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Effective Internet Search: About the Book

The Chronicle, Patricia Enborg, March 2, 2005

Book offers ’net tips

How often has this happened to you? You type something into your favourite search engine on your computer only to come up with pages and pages of results, none of which have anything remotely connected to what you were looking for? It’s frustrating enough for the average person, even more so for people trying to do serious research on the Internet.

Two teachers at John Abbott College have decided to do something about it. Ed Baylin and Judy Gill have written a book, ‘Effective Internet Search: E-Searching Made Easy!’ Darlene Canning, a computer services librarian at McGill University, also contributes a chapter. The book comes in both print form and as an e-book. First published last fall, it has already been revised to keep up with the ongoing changes on the Internet.

Baylin, who has more than 32 years experience in the computer field, teaches computer science at the college. Gill teaches physical education and has been writing and editing books, magazine and newspaper articles for 30 years.

They were taking a course together when Baylin first showed a draft of his book to Gill. With her extensive background in writing, he asked her to edit a few chapters. Baylin said she agreed to do so then, “As she went on and on, virtually everything I did had to be rewritten or expanded.”

Gill smiled as she said she soon realized the book needed to be more accessible to the average person. “Ed had the more complicated stuff and I was saying whoa, how about some of the basic stuff so we understand?”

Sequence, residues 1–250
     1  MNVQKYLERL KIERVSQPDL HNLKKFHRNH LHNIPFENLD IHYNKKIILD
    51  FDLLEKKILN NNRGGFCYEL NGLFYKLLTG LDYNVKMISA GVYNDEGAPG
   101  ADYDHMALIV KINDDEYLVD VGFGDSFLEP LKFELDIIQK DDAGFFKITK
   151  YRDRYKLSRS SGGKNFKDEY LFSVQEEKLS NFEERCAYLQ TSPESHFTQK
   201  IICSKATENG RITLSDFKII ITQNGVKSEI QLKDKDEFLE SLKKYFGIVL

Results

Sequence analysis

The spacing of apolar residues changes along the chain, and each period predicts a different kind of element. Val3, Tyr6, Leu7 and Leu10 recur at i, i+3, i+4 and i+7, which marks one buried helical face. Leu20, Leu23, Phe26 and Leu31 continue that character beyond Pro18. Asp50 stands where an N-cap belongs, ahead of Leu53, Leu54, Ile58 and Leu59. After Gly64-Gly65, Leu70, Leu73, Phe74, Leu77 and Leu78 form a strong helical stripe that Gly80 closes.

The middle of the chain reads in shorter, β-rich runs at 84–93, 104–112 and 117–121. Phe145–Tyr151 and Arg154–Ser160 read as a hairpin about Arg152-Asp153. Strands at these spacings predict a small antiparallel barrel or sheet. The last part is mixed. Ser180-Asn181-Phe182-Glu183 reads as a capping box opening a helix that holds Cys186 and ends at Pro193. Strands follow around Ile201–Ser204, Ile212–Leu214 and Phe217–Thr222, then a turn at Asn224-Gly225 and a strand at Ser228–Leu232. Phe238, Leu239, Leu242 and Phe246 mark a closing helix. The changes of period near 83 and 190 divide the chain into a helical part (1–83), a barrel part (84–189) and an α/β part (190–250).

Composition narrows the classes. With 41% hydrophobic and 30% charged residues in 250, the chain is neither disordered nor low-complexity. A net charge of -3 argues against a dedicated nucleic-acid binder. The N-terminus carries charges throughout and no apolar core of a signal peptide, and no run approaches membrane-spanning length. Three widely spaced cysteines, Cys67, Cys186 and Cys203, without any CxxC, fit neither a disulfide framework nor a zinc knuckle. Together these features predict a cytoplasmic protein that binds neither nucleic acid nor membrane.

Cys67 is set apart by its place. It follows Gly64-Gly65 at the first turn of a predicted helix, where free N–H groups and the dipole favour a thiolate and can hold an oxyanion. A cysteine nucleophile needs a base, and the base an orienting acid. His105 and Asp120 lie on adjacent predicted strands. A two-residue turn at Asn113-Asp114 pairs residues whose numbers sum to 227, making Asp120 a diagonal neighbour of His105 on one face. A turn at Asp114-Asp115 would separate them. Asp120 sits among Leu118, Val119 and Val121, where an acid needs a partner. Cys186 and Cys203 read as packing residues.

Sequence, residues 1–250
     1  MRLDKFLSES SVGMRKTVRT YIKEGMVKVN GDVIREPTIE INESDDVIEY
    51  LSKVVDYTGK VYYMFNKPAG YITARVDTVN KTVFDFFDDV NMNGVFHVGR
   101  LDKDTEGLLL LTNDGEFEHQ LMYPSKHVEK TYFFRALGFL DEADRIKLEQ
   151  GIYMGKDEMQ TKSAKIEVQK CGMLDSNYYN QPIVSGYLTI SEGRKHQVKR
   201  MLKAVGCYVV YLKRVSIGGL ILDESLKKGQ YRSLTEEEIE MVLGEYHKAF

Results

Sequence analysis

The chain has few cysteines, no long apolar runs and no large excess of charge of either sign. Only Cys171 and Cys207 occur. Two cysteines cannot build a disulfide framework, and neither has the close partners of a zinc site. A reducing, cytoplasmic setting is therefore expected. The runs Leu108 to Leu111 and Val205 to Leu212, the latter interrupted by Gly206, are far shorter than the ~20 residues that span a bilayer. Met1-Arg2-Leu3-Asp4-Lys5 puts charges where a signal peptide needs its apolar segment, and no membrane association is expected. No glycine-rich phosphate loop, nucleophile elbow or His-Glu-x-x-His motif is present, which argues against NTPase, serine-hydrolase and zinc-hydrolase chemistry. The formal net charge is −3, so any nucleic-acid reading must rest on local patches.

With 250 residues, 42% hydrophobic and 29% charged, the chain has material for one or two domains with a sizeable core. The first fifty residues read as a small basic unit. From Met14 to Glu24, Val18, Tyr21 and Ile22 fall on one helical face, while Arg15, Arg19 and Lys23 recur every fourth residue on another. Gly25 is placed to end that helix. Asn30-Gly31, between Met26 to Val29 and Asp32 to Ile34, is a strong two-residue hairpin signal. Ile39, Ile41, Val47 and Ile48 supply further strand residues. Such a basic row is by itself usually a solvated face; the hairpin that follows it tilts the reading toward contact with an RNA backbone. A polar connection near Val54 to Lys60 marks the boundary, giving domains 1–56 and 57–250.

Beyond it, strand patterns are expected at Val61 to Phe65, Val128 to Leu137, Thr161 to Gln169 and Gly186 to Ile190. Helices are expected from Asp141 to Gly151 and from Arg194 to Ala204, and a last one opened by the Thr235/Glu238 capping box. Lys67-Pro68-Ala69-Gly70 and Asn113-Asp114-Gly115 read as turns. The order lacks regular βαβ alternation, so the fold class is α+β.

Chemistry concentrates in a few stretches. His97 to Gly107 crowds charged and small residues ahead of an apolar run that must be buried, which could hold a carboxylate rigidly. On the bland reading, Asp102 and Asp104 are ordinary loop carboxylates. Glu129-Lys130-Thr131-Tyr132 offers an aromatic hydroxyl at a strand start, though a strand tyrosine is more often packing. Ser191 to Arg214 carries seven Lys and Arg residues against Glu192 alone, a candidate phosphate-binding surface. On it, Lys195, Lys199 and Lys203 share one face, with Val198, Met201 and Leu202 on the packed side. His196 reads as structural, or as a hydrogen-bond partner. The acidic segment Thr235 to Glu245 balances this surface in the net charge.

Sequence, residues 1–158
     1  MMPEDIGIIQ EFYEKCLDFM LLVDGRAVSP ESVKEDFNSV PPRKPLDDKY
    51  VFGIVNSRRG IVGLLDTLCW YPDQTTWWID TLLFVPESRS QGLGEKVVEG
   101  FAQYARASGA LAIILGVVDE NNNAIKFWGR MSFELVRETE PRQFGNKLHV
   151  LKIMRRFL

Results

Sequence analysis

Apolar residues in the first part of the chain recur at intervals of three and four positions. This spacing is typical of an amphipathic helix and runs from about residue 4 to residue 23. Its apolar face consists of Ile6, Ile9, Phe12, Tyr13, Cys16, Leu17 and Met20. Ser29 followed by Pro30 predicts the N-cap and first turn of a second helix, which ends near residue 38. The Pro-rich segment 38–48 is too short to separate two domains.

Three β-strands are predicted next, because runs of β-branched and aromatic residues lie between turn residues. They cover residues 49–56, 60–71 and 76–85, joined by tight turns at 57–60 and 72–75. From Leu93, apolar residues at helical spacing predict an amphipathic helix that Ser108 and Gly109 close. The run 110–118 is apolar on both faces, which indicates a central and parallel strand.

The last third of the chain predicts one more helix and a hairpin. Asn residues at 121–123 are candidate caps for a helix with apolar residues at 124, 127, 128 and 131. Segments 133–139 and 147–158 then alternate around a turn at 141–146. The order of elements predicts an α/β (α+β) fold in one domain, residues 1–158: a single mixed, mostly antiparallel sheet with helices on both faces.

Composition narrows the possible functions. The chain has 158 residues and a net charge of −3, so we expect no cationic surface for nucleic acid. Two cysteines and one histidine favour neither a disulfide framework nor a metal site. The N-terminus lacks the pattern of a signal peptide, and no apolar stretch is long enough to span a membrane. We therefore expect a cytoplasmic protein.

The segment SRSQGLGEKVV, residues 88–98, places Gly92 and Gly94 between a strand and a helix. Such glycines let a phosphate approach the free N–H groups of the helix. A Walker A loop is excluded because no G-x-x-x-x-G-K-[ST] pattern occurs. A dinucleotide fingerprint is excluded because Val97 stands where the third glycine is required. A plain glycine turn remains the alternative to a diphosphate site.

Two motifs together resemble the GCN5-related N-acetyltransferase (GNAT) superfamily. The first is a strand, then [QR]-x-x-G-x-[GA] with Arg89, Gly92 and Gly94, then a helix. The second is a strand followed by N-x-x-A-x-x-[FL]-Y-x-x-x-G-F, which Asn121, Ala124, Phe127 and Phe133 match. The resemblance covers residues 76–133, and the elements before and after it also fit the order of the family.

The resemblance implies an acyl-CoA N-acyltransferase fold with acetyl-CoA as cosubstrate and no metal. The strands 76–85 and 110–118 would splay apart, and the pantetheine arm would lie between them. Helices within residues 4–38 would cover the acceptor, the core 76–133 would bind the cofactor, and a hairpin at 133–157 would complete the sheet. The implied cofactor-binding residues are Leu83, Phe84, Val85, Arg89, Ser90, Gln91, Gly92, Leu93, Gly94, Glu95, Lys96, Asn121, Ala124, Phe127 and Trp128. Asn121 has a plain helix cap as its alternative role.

The idea for the book first came to Baylin several years ago when he was teaching a course on the Internet. He couldn’t find any books that were up to date or even written at an appropriate level for his students so he decided to write one of his own.

Baylin said it’s for everyone who’s interested in searching. He said right now people don’t always get the information they want by plugging a few words into a search engine. “Fifty per cent of the time they might find what they want but 50 per cent of the time they don’t. They could much more quickly get their results if they had a better approach.” He added, “About 80 per cent of the information available on the Web is actually hidden.”

The book outlines the basic principles of search engines as well as explaining how to apply that knowledge.

Students will be happy to know that reading this book could actually boost their grades. At least that’s what it did for several students in Doris Miller’s ethics class at John Abbott. Miller said her students are working on topics that are up to the minute. She requires them to research things like stem cell research or genetically modified food for example. They then have to argue both the pros and cons of that particular issue. Miller said she had two students who admitted they weren’t that good at researching on the net but once they read the book “Both wound up with grades in the 90s. It was quite impressive.”

The book is available on the Web site www.searchhelpcenter.com.

The Web site also offers a number of search tips as well as search help resources.

Source: The Chronicle

© The Chronicle, 2005

Effective Internet Search: E-Searching Made Easy!    © Baylin Systems, Inc., 2006